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Annotation of School Reform Strategies

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Hoda Mokarian Rebecca Yamano English 101 November 16th, 2011 Critical Annotated Webliography Research Questions: What kinds of school reform strategies have been suggested historically? ANNOTATION #1 Source Information: Goodman, Paul. Compulsory Miseducation. Harmondsworth: Penguin, 1971. Paul Goodman suggests that in order to counter the strict, lockstep tendencies of American educational institutions, that universities as well as secondary schools devise strategies to encourage greater flexibility, creativity and independence for the student, without which full, adult learning cannot take place.

Specifically, Goodman proposes that prestigious liberal arts universities institute a new requirement: students shall engage in a “maturing” activity for two years before matriculating.

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Examples of “maturing” activities are “working for a living [… ]; community service, [… ], volunteer service in hospital or settlement house, domestic Peace Corps; the army” (Goodman). This proposal would push up the average age of the entering student and make him or her more ready for academic work, such as anthropology or the physical sciences, which are better understood with “experience and judgement” (Goodman).

Goodman’s other proposal is that the elite universities should “abolish grading, and use testing only and entirely for pedagogic purposes as teachers see fit” (Goodman).

He finds that grades are more of a status measure than a real reflection of understanding, and recognizes that the main objectors will be students and parents, both of whom see grades as a way to combat laziness. However, the proposal will bring greater purity and maturity to university schooling. APPROPRIATION: Passage #1: “It is really necessary to remind our academics of the ancient history of Examination.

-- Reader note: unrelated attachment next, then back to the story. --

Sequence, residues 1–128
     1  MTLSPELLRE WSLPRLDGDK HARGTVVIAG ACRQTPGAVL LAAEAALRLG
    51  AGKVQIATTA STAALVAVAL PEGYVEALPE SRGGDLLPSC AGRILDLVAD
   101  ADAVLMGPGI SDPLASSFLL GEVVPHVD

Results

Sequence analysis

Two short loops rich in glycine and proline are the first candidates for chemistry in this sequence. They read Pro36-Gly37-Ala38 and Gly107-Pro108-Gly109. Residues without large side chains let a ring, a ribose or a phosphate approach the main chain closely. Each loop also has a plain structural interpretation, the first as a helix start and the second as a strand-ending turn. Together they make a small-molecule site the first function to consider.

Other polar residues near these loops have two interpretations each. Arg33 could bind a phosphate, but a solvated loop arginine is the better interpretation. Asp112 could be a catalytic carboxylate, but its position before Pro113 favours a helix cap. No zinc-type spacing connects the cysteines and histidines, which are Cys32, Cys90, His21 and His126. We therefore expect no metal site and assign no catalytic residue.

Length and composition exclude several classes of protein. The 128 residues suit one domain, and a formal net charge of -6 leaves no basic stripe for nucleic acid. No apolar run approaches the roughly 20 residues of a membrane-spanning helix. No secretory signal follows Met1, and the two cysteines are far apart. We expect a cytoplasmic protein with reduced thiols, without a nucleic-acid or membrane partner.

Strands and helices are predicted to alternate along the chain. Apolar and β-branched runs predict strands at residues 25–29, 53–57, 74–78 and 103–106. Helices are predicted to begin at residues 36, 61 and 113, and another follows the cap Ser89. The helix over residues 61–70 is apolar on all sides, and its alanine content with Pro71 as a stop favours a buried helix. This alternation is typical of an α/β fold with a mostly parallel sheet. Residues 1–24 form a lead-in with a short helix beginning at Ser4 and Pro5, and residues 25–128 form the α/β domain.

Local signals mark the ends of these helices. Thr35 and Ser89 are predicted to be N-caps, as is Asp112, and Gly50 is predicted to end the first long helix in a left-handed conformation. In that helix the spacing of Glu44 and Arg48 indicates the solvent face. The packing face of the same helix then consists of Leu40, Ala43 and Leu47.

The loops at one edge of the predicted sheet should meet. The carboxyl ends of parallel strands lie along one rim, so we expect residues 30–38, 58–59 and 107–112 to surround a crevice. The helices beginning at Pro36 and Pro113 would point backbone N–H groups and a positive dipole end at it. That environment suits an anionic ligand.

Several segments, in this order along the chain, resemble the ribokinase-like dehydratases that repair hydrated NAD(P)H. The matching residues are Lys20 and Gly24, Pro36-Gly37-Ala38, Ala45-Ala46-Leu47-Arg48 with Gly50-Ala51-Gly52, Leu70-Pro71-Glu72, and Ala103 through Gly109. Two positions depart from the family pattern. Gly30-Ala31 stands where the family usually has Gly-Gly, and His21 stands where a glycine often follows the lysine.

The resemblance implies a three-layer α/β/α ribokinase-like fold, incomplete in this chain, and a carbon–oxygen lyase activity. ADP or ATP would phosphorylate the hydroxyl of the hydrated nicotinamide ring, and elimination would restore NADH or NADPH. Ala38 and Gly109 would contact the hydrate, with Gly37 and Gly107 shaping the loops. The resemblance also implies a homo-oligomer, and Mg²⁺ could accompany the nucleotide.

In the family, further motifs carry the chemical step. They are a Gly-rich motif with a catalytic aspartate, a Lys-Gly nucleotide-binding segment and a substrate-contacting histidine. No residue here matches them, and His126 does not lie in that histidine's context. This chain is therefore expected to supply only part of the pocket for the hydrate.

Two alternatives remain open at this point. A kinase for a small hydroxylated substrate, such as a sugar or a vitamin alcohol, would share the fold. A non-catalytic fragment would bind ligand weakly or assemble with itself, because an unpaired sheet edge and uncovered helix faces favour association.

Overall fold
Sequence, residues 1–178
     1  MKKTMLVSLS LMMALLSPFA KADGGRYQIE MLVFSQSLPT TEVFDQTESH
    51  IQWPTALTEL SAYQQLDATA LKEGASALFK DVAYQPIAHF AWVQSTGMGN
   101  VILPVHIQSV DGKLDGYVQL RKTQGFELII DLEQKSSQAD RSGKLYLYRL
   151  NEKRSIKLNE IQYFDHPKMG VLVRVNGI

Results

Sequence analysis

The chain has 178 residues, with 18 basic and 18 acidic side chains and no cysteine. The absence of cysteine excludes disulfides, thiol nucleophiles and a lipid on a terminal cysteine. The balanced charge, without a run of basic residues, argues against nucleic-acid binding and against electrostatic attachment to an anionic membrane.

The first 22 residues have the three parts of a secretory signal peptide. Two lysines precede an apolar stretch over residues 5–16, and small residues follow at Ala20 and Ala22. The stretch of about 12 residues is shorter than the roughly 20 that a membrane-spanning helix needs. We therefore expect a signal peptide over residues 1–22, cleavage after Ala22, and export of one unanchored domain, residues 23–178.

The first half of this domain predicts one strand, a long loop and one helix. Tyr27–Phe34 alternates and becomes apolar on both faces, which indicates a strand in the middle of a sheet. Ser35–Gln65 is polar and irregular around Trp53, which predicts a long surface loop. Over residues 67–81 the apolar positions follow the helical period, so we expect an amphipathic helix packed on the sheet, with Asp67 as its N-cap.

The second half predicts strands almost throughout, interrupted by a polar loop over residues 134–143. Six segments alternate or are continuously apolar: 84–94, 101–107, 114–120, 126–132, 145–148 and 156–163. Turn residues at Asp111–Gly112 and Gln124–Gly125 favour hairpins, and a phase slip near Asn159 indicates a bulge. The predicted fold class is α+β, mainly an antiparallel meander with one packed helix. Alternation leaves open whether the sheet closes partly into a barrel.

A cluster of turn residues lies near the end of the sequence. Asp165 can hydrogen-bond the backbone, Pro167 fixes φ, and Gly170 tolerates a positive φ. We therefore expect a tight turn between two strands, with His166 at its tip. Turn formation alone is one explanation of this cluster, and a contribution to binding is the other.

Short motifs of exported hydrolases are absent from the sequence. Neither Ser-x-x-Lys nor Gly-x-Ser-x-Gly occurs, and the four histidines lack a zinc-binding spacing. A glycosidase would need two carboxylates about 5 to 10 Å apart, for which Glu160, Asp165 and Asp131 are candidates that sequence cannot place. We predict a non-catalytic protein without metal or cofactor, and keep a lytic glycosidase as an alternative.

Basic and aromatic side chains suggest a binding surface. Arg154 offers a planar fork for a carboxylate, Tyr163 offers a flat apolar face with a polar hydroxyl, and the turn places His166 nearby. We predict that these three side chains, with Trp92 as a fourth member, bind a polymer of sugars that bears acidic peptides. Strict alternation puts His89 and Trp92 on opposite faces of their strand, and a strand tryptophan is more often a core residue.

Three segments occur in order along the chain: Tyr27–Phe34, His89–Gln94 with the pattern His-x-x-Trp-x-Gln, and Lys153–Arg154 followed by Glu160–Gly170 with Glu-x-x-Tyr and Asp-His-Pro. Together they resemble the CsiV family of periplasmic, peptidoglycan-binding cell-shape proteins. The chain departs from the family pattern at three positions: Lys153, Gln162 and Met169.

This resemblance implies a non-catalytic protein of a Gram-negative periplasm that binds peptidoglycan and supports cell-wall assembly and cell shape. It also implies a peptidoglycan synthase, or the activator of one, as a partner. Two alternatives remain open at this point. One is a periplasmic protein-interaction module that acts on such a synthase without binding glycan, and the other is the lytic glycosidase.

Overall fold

In the medieval university, the whole point of the grueling trial of the candidate was whether or not to accept him as a peer. His disputation and lecture for the Master’s was just that, a master-piece to enter the guild. It was not to make comparative evaluations. It was not to weed out and select for an extra-mural licensor or employer. It was certainly not to pit one young fellow against another in an ugly competition. My philosophic impression is that the medievals thought they knew what a good job of work was and that we are competitive because we do not know.

But the more status is achieved by largely irrelevant competitive evaluation, the less will we ever know. ” Critical commentary on Passage #1: In this passage Goodman cites a historical fact in order to remind universities about the origins of examinations and grading. Goodman has a bias: he wants to get rid of grading. The facts cited are that exams among medieval guildsmen (universities originated in medieval Germany) were basically pass or fail, and the guild merely wanted to see if the person taking the exam could do the work. Exams were not always so cutthroat, even though people are fond of thinking that in the past exams were harder.

Passage #2: “Most important of all, it is often obvious that balking in doing the work, especially among bright young people who get to great universities, means exactly what it says: The work does not suit me, not this subject, or not at this time, or not in this school, or not in school altogether. The student might not be bookish; he might be school-tired; perhaps his development ought now to take another direction. Yet unfortunately, if such a student is intelligent and is not sure of himself, he can be bullied into passing, and this obscures everything. My hunch is that I am describing a common situation.

What a grim waste of young life and teacherly effort! Such a student will retain nothing of what he has “passed” in. Sometimes he must get mononucleosis to tell his story and be believed. ” Critical commentary on Passage #2: Here, Goodman writes that grading inhibits character examination. If a student doesn’t have intrinsic motivation, he won’t ultimately be successful at performing the outcome of the work (ie medicine after a biology test). This is another argument in support of his proposal to abolish grading. ANNOTATION #2: Source information: http://www. preservenet. com/theory/Illich/Deschooling/intro. html